• Water bottle with a straw – useful if you end up hanging over a pool edge or drinking on all fours 
  • Snacks & sweets that aren’t an effort to eat
  • Thirst quenching drinks
  • An eye mask for moving between brightly lit areas 
  • Movies, playlists or podcasts downloaded to your device for the earlier stages of labour 

Feeling slightly diva-ish for prioritising your lip balm over your sanitary pads? Rest assured, you're far from being over the top. 'Ensuring comfort during labor can lead to a calmer, more relaxed birthing experience, so don't overlook those small comforts when packing your bag,' advises Pip Davies, a seasoned NHS Midwifery Sister and the author of 'Midwife Pip’s Guide to a Positive Birth.' She emphasises, 'Lip balm is essential, as lips often become very chapped during labour, particularly if you're using gas and air for pain relief.

midwife pip davies

FTC ASKS: Pip Davies, NHS Midwifery Sister

Which essential item did you overlook for your last birth that you'll be sure to pack in your bag next time?

“A special, favourite body wash for that post-birth shower. There really is no shower like that post birth one, feeling your postnatal body for the first time, recognising the huge journey you have just been on is so raw and grounding. A wash that feels just that extra bit indulgent, makes you feel great and allows you to take a mini pause to recognise that your body has just done something miraculous,” shared Pip. 

What to pack for after birth

  • Soft bras, including nursing options if you plan to breastfeed
  • Comfy, button through sleepwear 
  • Socks to keep your feet toasty
  • Flip flops for in the shower
  • Slippers for walking around the ward
  • A wash bag of your essentials like a toothbrush, hairbrush, shampoo, conditioner, soap, and flannel
  • Fibre-rich snacks to ease digestion post-birth. Our team loved instant porridge pots or peanut butter sachets and oatcakes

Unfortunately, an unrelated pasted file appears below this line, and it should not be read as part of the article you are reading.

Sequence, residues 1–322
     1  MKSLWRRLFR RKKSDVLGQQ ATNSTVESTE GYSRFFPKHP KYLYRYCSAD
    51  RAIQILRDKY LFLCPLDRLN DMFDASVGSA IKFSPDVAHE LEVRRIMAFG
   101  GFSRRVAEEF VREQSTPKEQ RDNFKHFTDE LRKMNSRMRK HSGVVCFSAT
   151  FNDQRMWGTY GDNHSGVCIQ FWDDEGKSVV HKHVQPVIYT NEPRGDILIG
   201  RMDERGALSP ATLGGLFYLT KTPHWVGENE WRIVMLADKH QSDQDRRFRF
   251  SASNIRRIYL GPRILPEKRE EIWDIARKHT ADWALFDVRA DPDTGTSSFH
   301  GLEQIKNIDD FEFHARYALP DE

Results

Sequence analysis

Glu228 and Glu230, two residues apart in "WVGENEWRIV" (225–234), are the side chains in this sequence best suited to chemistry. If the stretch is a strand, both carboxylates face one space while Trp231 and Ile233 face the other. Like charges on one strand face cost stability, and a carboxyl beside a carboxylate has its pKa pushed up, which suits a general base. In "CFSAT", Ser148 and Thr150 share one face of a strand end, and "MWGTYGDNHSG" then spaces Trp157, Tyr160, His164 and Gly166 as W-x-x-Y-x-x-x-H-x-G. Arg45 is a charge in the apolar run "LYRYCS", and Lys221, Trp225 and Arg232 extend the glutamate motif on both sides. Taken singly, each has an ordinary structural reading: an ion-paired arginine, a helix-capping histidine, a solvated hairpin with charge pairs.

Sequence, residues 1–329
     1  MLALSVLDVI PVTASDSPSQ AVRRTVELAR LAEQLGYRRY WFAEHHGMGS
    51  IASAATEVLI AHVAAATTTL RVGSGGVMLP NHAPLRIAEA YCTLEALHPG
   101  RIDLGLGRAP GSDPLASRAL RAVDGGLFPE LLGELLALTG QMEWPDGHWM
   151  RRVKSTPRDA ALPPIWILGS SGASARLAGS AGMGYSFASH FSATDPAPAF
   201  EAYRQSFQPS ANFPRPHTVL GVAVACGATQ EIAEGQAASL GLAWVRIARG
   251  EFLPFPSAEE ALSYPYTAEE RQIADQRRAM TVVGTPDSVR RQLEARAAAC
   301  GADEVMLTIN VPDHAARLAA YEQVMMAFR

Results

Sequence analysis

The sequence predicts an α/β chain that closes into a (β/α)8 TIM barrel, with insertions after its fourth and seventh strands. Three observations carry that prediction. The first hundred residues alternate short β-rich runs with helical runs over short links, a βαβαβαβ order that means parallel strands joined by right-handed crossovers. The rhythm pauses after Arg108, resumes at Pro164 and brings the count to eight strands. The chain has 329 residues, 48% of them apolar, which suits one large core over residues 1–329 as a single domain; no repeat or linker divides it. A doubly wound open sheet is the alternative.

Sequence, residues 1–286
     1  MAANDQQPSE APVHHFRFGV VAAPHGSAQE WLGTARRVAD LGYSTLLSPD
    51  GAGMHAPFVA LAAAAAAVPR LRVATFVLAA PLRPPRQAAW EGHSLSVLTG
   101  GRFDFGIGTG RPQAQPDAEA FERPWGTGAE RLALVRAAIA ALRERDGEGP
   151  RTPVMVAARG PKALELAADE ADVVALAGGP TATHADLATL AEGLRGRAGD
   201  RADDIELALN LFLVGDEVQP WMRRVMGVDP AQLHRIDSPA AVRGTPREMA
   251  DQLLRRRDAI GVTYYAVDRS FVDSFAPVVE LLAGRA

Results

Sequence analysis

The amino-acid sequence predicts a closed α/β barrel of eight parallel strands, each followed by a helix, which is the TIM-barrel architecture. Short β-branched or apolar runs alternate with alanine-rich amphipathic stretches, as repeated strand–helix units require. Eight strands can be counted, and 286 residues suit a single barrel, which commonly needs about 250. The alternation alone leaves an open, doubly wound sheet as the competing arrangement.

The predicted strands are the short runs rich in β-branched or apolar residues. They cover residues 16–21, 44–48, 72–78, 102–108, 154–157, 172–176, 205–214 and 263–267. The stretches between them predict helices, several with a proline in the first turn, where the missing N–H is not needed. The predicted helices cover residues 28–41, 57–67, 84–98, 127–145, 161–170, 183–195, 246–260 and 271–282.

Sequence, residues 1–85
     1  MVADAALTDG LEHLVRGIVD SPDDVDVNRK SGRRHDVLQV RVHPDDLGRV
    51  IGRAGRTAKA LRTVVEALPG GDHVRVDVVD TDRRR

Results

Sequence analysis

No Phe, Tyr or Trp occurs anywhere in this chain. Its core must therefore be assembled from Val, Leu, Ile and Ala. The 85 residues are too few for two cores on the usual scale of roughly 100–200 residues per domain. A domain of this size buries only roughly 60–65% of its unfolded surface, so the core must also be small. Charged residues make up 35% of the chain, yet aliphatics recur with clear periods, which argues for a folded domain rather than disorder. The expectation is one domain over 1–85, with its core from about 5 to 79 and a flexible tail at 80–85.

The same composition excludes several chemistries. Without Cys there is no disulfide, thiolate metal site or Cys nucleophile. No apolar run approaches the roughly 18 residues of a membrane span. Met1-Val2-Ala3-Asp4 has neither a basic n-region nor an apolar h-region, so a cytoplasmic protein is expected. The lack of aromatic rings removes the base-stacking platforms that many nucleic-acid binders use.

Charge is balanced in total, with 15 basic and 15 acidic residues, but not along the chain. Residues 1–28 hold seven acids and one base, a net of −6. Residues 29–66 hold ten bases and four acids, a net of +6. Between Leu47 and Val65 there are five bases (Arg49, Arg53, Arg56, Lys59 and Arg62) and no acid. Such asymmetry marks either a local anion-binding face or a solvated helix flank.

• Your favourite tea bags or instant hot drinks. FYI peppermint tea is a soothing option for c-section stressed tums
  • 5 or 6 pairs of comfy, cotton knickers
  • Breast pads to mop up leaky boobs
  • 2 packets of super-absorbent sanitary or maternity pads for post-birth bleeding
  • An eye mask to block out light on a brightly lit ward
  • A towel
  • Spare glasses or contact lenses
  • A notebook, useful for jotting down questions for doctors or nurses, and capturing the first moments of motherhood
  • Nipple balm to soothe breastfeeding discomfort
  • Earplugs as postnatal wards can be noisy

What to pack for a c-section

Around 1 in 4 pregnant women in the UK has a caesarean birth. If you're planning a c-section, then think ahead about your post-surgery comfort. We suggest packing:

  • Loose clothing, such as c-section trousers, that won’t sit on your scar dressing 

  • Several pairs of high-waisted cotton knickers. Low rise underwear may rub your wound

  • Peppermint tea bags - this herbal tea can help to soothe the pain of trapped wind, which you may have after surgery

dr anna cantlay, c section recovery

FTC ASKS: DR Anna Cantlay, GP & Chief Medical Officer at For The Creators

What item do you think is brilliant to pack for c-section recovery? 

Medical-grade silicone gel sheets may help improve the appearance of your c-section scar. Once the scar has healed, I recommend daily scar massage with a natural oil or balm to also support healing and scar tissue. 

What to pack for your newborn

  • Plenty of nappies
  • Bodysuits, vests and sleepsuits (newborn and tiny baby sizes to be prepared for all birth weights)
  • An outfit for going home in (weather appropriate)
  • A hat, socks or booties and scratch mittens (newborns get cold easily)
  • A shawl or blanket
  • Muslin squares
  • A car seat for the trip home
  • Some ready-made formula bottles
  • Confidence - you've got this 

Baby bags to use as mini hospital bags

Read more on The Delivery

Use coupon code WELCOME10 for £10 off your first order when you spend £60.